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Best Practice Tips: Developing a Client-Service Improvement Plan

Asked and Answered 

By John W. Olmstead, MBA, Ph.D, CMC

Q. We have a 24-attorney litigation firm in Pittsburgh. We represent insurance companies and business firms. We recently conducted a client satisfaction survey of our top-tier clients via telephone and face-to-face interviews. We have discovered that we have numerous issues regarding client satisfaction. Where do we go from here?

A. Nothing is more important to your firm’s future than exceptional client service. An effective client-service improvement program is one of the most important marketing initiatives that a firm can undertake. National studies demonstrate that approximately 70 percent of clients who stop using a particular attorney do so because they feel they were treated poorly or indifferently, and 30 percent changed attorneys because their previous attorneys weren’t available. Clearly, from what law firm clients are telling us is that attorneys and law firms need to improve client service by integrating a client-first service focus into everyday practice.

Frequently when we mention action plans and implementation to a group of attorneys we get the following reactions and responses:

  • Let’s create a committee and study the matter further.
  • We need more time.
  • We don’t have enough data or information.
  • We have always done things this way and we don’t want to change.
  • We don’t have time to do it.
  • We are already busy. We don’t need any more business. Everything is fine the way it is.

Moving from debate to action planning and implementation is difficult for attorneys. However, unless a firm can move from debate and ideas to actual accountability and implementation, it will remain anchored in the past in a field of dreams, obsolete practices, and unhappy clients.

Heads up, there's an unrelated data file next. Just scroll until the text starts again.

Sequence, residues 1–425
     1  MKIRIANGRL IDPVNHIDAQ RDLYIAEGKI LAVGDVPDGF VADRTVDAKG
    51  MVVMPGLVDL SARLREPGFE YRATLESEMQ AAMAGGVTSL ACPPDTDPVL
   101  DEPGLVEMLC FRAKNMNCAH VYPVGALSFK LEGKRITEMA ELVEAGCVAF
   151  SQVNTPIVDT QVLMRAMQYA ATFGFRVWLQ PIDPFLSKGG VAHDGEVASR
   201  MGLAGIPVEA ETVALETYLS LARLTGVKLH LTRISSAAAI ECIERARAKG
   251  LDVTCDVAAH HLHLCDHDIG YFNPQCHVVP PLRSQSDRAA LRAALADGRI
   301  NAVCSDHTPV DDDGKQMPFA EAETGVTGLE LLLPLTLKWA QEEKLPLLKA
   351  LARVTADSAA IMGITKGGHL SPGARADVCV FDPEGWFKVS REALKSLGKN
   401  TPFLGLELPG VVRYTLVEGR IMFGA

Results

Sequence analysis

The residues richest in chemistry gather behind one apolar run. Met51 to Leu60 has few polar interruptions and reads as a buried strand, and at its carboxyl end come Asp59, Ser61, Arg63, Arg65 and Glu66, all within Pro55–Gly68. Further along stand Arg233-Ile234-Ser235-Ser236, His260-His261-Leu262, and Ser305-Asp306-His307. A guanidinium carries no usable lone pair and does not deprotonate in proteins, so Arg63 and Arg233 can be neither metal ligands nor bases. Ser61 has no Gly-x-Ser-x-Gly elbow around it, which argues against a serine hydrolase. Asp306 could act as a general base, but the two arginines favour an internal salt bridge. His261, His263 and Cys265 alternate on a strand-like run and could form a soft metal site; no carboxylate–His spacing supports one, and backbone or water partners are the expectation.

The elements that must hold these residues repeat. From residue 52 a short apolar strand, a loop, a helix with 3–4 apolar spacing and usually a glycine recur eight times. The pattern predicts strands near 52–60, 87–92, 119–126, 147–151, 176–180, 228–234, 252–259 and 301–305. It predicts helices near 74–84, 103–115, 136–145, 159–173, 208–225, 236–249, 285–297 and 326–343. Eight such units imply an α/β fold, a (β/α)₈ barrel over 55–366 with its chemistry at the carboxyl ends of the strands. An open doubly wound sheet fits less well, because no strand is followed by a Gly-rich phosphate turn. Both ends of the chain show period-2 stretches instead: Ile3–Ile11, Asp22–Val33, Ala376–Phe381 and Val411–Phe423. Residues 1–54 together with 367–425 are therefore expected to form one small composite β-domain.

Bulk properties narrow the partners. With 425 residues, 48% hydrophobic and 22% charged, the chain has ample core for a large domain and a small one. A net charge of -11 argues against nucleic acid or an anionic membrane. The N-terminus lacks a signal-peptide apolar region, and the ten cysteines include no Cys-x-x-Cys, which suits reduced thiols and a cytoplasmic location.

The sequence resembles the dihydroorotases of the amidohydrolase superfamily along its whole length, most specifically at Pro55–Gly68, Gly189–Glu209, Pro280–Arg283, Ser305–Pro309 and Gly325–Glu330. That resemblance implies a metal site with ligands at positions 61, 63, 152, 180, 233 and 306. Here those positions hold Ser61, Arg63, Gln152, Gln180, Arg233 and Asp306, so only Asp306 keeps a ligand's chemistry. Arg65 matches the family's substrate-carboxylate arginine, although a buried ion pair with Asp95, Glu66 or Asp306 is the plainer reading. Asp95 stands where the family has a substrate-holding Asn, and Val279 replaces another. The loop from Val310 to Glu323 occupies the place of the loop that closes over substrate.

Here is a road map to help you get started:

  • Assemble the client-service improvement team.
  • Review the issues discovered from the client survey.
  • Identify and write a client-service mission statement and client-service goals.
  • Brainstorm solutions you can and are willing to implement.
  • Put together the client-service improvement plan.
  • Implement the plan.
  • Notify clients, especially the clients that were interviewed, of the changes that the firm will be implementing.

Click here for our article on developing your client-service improvement plan
Click here for our blog on client service
Click here for our article on client satisfaction
Click here for our article on client surveys 
Click here for our article on analyzing survey results

John W. Olmstead, MBA, Ph.D, CMC, (www.olmsteadassoc.com) is a past chair and member of the ISBA Standing Committee on Law Office Management and Economics and author of The Lawyers Guide to Succession Planning published by the ABA. For more information on law office management please direct questions to the ISBA listserver, which John and other committee members review, or view archived copies of The Bottom Line Newsletters. Contact John at jolmstead@olmsteadassoc.com.

Posted on October 24, 2018 by Rhys Saunders
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